With warmer weather and as we head into summer, our local South Yuba River is already starting to see an increase in visitors. In response to heightened public safety issues in the area, Nevada County has been facilitating a multi-agency Yuba River Safety Cohort group to take steps towards keeping the South Yuba River’s approximate 700,000 annual visitors safe while enjoying the Yuba’s natural beauty and recreation opportunities.
Every year, first responders receive many calls for help throughout the summer requiring heroic swift water rescues due to slips and falls, or people swimming in unsafe river conditions. When swimming in the South Yuba River, it is important to remember that you are in a remote location with minimal to no cell phone service, fifteen to forty-five minute emergency response times, and possibly dangerous swimming conditions depending on water flows. Please always practice water safety by letting friends and family know where you are, keeping an eye on children, making sure the water flows are safe before jumping in, and wearing a flotation device if you are not a strong swimmer.
Parking is limited at most river access points. In recent years, public safety agencies and coordinating organizations have noticed an increase in parking violations, leaving little to no through access for first responders. Last year, approximately sixty percent of the parking tickets issued in the South Yuba River canyon were for cars registered to owners from out of the area. For the safety of the whole community, please only park in designated areas.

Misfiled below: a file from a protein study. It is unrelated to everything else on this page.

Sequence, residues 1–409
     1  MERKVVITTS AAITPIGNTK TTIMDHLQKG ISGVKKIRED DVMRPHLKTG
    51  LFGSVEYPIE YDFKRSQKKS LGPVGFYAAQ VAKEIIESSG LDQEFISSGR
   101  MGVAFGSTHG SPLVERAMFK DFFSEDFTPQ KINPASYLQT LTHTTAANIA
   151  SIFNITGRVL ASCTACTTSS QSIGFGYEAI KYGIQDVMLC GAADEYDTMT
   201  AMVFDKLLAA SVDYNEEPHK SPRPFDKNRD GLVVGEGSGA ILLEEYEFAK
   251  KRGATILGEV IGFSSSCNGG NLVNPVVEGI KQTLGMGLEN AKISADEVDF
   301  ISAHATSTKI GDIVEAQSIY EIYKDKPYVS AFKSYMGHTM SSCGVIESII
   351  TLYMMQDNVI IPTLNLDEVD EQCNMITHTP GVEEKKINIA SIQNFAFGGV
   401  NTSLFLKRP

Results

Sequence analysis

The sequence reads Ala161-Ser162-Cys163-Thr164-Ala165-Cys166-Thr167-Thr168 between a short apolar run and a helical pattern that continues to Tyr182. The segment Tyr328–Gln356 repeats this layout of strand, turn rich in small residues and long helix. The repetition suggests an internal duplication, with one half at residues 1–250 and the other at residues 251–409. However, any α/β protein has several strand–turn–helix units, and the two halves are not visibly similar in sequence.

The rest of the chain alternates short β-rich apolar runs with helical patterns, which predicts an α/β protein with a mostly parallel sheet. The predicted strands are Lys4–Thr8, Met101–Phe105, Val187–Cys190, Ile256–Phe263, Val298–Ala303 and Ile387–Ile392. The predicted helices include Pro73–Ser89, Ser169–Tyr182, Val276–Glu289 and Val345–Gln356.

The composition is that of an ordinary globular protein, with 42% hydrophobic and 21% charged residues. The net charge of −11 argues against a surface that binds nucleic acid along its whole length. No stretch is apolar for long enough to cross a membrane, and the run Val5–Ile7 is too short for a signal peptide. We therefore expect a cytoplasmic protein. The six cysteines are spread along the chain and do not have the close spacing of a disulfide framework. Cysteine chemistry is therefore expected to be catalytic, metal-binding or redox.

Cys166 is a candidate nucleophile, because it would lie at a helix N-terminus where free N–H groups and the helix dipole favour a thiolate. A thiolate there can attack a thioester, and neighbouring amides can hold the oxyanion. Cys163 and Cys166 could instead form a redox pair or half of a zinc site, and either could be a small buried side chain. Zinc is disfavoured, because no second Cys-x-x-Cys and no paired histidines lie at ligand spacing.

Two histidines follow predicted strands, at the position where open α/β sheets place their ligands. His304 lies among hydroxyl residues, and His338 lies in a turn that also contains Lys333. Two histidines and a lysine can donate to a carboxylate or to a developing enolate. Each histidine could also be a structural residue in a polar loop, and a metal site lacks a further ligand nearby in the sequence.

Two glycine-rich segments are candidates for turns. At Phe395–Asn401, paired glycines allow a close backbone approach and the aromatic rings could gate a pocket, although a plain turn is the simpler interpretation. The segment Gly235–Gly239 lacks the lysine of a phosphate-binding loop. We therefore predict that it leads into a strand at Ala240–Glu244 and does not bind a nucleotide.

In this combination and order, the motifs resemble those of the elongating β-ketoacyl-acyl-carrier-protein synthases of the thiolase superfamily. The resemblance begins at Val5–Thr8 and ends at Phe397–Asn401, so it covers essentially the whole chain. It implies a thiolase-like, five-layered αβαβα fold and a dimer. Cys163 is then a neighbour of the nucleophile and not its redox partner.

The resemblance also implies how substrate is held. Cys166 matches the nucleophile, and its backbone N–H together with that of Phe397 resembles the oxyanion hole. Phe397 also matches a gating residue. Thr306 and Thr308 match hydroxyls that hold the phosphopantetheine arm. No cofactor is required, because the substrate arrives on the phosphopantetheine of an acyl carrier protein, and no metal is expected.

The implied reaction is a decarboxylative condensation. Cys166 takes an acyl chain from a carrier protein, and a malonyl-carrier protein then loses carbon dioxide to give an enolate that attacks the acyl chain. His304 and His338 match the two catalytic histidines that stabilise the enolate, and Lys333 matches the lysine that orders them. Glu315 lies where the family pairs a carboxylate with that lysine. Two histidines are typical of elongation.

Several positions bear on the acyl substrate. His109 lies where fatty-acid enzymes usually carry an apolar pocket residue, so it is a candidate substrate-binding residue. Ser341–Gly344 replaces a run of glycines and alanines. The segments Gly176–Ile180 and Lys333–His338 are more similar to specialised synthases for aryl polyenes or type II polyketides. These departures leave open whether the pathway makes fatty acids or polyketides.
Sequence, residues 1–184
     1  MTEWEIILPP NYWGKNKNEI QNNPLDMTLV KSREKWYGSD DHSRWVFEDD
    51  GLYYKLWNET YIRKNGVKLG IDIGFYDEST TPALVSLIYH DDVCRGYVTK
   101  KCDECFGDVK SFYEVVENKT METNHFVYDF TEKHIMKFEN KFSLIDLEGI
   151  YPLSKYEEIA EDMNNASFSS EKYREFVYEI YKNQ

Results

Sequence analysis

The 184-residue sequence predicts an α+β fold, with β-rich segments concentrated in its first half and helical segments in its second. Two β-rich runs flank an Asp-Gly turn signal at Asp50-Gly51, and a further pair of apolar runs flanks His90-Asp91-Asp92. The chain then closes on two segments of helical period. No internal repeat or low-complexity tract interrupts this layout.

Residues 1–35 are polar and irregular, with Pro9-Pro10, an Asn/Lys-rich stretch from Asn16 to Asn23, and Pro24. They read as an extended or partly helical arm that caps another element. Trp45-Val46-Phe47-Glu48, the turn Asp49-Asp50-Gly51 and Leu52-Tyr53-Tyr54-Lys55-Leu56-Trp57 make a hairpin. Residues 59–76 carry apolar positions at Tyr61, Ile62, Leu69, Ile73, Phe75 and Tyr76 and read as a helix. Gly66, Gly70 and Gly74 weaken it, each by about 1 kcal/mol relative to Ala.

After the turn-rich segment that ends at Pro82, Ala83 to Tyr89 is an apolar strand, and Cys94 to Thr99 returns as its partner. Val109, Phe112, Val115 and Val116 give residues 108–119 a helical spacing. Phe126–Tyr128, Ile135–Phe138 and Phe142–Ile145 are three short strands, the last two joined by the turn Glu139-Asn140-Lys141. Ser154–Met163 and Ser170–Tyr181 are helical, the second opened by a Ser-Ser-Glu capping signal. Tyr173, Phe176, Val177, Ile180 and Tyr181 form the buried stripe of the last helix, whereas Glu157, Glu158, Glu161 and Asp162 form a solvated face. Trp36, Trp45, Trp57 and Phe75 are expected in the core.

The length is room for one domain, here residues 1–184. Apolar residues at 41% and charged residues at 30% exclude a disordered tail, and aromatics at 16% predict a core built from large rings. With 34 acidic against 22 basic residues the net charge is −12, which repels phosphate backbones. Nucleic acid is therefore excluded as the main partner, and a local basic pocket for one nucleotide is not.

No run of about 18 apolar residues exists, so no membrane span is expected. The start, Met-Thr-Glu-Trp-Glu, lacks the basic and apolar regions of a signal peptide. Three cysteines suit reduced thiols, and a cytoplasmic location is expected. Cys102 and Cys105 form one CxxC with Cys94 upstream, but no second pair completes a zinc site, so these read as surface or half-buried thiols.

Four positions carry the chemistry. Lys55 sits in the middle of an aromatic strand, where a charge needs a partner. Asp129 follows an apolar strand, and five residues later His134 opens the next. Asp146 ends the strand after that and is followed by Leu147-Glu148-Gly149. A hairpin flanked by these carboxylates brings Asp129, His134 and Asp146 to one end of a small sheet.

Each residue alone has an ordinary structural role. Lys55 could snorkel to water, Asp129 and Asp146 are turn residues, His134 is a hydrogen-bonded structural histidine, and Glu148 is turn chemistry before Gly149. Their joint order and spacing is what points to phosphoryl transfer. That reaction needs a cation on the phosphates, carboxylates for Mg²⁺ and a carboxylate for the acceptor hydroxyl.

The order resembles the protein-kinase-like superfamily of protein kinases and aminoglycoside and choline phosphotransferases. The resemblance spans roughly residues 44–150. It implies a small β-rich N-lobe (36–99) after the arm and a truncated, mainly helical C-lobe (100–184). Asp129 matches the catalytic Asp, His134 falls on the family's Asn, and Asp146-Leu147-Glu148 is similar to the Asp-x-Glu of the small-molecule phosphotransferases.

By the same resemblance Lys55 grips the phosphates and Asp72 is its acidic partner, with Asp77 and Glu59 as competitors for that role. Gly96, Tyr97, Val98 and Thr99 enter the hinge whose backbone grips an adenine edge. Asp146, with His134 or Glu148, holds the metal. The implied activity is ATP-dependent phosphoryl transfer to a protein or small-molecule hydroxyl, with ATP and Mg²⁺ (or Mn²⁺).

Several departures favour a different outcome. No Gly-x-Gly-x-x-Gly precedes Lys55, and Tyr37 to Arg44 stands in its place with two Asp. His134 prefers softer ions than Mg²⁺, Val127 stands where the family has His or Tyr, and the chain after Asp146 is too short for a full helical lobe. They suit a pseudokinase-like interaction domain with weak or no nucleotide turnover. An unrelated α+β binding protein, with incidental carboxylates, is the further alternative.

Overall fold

Due to the recent influx of parking violations, Federal, State, and local first responder and public safety agencies have teamed up to form a Joint Taskforce to provide an increased presence in the South Yuba River canyon during the summer months. Several times throughout the summer, the Joint Taskforce will be out at local entry points to the South Yuba River, such as the HWY 49 Crossing, Bridgeport, Edwards Crossing, and Purdon Crossing to monitor the areas for safety and to enforce parking laws.
River-goers are encouraged to carpool, rideshare or take alternative transportation like the Yuba Bus instead of driving when possible. As Nevada County residents recently experienced during the Lobo Fire in October 2017, river canyons such as the South Yuba River are highly susceptible to wildfire, especially during the hot, dry summer months. With a seasonal surge of campers and visitors to the South Yuba River State Park during the season with the highest fire danger, please be mindful of fire safety practices such as carefully putting out your cigarette butts, and abiding by the no fires rule, including campfires, in the South Yuba River State Park.
When visiting the South Yuba River, it is important to enjoy the Wild and Scenic River Corridor while also doing your part to keep the watershed clean. When visiting, please remember to pack-in and pack-out all trash and recycling, pick up after your pets, and don’t bring glass down to the river.
From local public safety agencies and coordinating organizations near our South Yuba River, please remember to “Love the Yuba Like a Local” when visiting this summer.
Content and photos provided by the County of Nevada County Executive Office